“Women and cats will do as they please, and men and dogs should relax and get used to the idea.” Robert Heinlein
The good times we had when I was a kid were always the day after our family fights, which were usually on the days before a holiday. Christmas Day was always fun because it was after the big Christmas Eve scrape.
The fights always happened before or on the holiday, not afterwards. On Easter, the 4th of July, and Thanksgiving we always had a knockdown. My mom, or my dad, or both of them, would start the fight. Then the family pulled it together for the holiday, to look good for the big day. We had to look better for the neighbors and in-laws and our pets.
One Christmas all my cousins from Pennsylvania, my mom and dad’s sisters and all their kids, were at our house. Our house was warm and cozy and there weren’t any fights.
It was Christmas Eve morning and Eric from Philadelphia passed gas.
“Oh, that’s a wet one,” somebody said, and that started the whole thing, which turned out to be the flu. It went from Eric to Curtis on down to Kim and Skip and the rest of us. We barfed and barfed for days.
My mom was pissed. She was beside herself. She wanted to go to a hotel. She would have jumped ship if she could have, but dad made her stay.
Every 4th of July we had a street party. We lived on one of the only two cul-de-sacs in Bay Village. In the morning all the kids would decorate their bikes and we would have a bike parade. Our parents judged the bikes and gave out prizes.
We played games all day and in the afternoon everyone carried their grills and picnic tables to the end of the cul-de-sac for a party. We had food and our parents had coolers of beer. Everyone would party and they were great times.
My mom wore a t-shirt that said JOE BALLS on the front and FROM NEWTON FALLS on the back. It was a family joke. We had an uncle named Harold who lived in Newton Falls, but we called him Joe Balls.
One summer a waterspout tornado from off the lake touched down in Bay Village during our street party. We were out in the street playing. All of our parents were trashed. When I ran into the house to tell my mother she said, “Go back out there and play.” But, we ended up having the rest of the party in our garage.
When my mom became a nurse she wore a t-shirt that said BUSHER THE PUSHER because she was an IV Therapist. She was the one who loaded the IV’s with drugs. She became a nurse when I was in 5th grade. She had all of us and then decided she wanted a career. My grandparents put her through nursing school, paying for it all. She studied at Tri-C and later worked at Lakewood Hospital.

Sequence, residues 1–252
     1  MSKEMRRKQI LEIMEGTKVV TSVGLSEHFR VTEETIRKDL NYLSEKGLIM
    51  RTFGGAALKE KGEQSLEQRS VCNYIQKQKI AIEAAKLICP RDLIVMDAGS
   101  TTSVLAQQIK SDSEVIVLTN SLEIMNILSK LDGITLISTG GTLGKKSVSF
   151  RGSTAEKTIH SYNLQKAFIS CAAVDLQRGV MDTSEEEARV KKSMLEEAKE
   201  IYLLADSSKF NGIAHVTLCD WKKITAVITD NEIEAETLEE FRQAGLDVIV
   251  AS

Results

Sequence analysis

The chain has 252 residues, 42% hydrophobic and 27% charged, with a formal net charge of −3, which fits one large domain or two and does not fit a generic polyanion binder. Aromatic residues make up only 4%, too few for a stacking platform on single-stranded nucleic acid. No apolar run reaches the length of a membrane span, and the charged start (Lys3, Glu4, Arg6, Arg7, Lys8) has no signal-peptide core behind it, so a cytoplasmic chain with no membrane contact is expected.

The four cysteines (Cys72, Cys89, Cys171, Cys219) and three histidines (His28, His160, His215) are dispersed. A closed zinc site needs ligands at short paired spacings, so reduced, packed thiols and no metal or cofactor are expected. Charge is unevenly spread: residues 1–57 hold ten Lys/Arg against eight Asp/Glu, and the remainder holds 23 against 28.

It was when I was in 5th grade, at Normandy Elementary School, during the Miracle of Richfield, that I got a pair of tennis shoe roller skates and lived in them for years.
We had a teacher named Mr. Barton and he loved to hoe down dance and dribble basketballs at the same time. He taught us to do it and we got so good at it that we were invited to perform at a Cleveland Cavs game.
It was the year the Cavs were scrappy and good and played the Washington Bullets in the conference finals. We watched it on TV. The crowds were so noisy people in the stands wore earplugs and the players on the benches stuck their fingers in their ears.
“If you don’t drop your ball, or double dribble, or anything, I’ll buy you whatever you want,” my dad said. I told him I wanted tennis shoe roller skates.
“Whatever you want,” he said.
We were great that night doing our hoe down dribble dance at halftime at the Richfield Coliseum, which isn’t there anymore. It’s just a big empty field now that it’s been torn down. We danced to the song Saturday Night by the Bay City Rollers.
I lived in my skates. I put them on first thing in the morning and skated all over the house. I did axles in the streets and figure skated every day in my tennis shoe roller skates But, I wasn’t allowed to wear them to school. Even so, I wore them all the time until I got my first pair of high heels.
The roller skates came off right after that and I’ve never been out of high heels since.
The reason is that I stopped growing when I was in 6th grade. After that I found out I was going to be short, a pygmy.
My mom was a pygmy, too. I don’t know that she was ever taller than five-foot-one.
Everybody else in our family was taller than me. My dad was six-foot-something. I was the shortest of all the kids, shorter even than Bamm-Bamm.
My mom got me a pair of Candies. They were plastic made to look like wood and had a strap across the top of the foot that stopped about mid-way up the foot. You could wear them with anything, shorts, skirts, disco pants. They were the hot shoe. Every kid had to have a pair.
“You’re going to be in these for the rest of your life,“ my mom told me. “You will never get out of them.”
She made me practice walking in them, up and down the driveway, then up and down the street, and finally up and down the stairs.
“You don’t want to walk like a clod,” she said. “A lot of girls stomp in their high heels, but you’re going to walk like a lady.”
I got to the point where I could run in them fast. I could chase dogs. I’m still fast, not as much as I was then, but still fast if I have to be.
I don’t know who invented high heels, but we owe them a lot. You put high heels on and you change. Everything is different in them. Your body moves to a different kind of tempo.
My favorite things are dogs and shoes. I still love dogs the most, but shoes are a close second.
Click here to see more writing between fiction and non-fiction by Ed Staskus